Dispelling fat fallacies
We're bombarded with the message that we need to limit our intake of fats and oils, especially saturated fat. This may be true if you choose to continue eating a diet that is high in sugars and starches. However, the rules change once you are diagnosed with a metabolic disease such as cancer. Here, fat is your friend!
Which fats and oils should you choose?
Choose fats and oils from these sources:
- Saturated fats, including butter and animal fats
- Monounsaturated fats, primarily from olive oil, avocados, and organic canola (cold pressed)
- Omega-3's such as those found in fatty fish and flaxseed
- Coconut and medium-chain triglyceride oils
- Nut oils (cold pressed)
- Omega-6's from foods such as nuts and seeds
Coconut oil and the MCT advantage!
Virgin coconut oil is a saturated vegetable fat rich in medium-chain triglycerides (MCTs). During digestion, MCTs are transported directly from the small intestine to the liver. There, they are converted to ketones which are returned to circulation and distributed throughout the body to meet cellular energy needs.
Common misconceptions concerning fats
Fallacy: We need starches and sugar as fuel for our brains and bodies.
Fact: When dietary sources of starch and sugar are in short supply, most energy needs are met by a shift in metabolism that utilizes dietary and stored fat as fuel. I can walk you through a more complete understanding of this process.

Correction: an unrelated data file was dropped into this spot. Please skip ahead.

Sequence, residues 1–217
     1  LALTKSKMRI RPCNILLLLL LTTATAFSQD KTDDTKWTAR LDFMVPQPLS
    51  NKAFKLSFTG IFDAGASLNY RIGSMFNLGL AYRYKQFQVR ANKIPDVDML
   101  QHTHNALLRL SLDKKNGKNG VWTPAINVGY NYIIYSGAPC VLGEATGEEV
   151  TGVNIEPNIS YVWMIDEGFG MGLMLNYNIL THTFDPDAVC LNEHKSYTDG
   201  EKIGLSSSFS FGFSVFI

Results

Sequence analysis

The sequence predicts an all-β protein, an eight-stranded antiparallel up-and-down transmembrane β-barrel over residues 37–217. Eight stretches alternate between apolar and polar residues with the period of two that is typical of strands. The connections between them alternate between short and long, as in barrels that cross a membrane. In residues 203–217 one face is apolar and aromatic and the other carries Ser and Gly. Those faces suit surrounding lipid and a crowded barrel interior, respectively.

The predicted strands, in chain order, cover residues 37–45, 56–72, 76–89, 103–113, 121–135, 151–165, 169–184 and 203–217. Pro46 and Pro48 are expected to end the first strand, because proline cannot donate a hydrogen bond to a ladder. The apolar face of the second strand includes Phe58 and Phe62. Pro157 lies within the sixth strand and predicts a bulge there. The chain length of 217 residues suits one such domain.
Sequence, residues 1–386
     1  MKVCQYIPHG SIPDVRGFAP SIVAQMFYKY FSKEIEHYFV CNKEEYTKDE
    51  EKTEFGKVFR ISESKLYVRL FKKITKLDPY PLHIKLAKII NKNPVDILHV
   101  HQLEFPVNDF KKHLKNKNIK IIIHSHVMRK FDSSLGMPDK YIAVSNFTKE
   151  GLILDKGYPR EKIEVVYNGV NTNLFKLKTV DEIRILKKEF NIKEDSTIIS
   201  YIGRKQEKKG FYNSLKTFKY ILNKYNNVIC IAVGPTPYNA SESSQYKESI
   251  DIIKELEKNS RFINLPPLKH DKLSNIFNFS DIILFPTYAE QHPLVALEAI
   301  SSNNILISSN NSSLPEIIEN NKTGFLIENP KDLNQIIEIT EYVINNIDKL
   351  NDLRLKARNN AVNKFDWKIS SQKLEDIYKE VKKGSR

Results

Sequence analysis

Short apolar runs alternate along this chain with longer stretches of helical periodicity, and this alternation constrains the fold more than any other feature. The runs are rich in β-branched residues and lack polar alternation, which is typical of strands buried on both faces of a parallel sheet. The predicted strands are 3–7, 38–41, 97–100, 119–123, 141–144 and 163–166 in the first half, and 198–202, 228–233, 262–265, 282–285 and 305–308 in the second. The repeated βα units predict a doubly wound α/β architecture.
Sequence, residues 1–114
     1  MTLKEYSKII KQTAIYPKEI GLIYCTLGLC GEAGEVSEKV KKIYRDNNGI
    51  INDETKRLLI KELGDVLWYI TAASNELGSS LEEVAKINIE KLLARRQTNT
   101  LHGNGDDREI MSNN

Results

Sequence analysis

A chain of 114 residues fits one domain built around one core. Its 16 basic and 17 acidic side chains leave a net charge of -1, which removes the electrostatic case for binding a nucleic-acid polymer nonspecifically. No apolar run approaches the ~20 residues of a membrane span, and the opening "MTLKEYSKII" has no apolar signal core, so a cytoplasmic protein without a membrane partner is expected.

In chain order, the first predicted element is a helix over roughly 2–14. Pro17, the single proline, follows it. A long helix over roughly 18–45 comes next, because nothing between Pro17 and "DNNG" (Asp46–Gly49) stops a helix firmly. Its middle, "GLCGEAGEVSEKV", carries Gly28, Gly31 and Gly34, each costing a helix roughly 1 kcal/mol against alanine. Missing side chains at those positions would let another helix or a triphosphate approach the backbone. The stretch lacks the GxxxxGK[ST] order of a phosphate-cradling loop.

Fallacy: A ketogenic diet will increase "cholesterol", especially bad LDL and triglycerides.
Fact: Emerging research has demonstrated that nutritionally sound high-fat, low carb diets can actually result in improved blood lipid profiles. In fact, high triglycerides mostly result from diets that are high in starches and sugars!
Fallacy: Ketogenic diets arehigh in protein, which will lead to kidney disease.
Fact: A therapeutic ketogenic diet meets protein requirements but it is certainly NOT high in protein. In fact, protein is limited to what is adequate for tissue repair and maintenance since intake in excess of needs may be utilized as fuel by tumor tissue.
Fallacy: The ketogenic diet is unsustainable as a lifestyle.
Fact: For some, it's the only reasonable option!
(Read: The Art and Science of Low Carbohydrate Living, which addresses the science supporting high-fat ketogenic lifestyles.)
Fallacy: I won't have as much energy on a ketogenic diet.
Fact: This is not true. There is a great deal of research that highlights the efficiency of fat as a fuel, even in elite athletes.
Fallacy: The brain and central nervous system rely primarily on glucose- I'll have "brain fog" without it.
Fact: Once you make the switch to nutritional ketosis, fats in the form of ketones can provide up to 65% of the energy needs of your brain. Furthermore, ketone "boosters" such as ketone esters, are gaining acceptance as supplemental energy sources in diseases that affect cerebral glucose metabolism, such as Alzheimer's, Parkinson's, and ALS.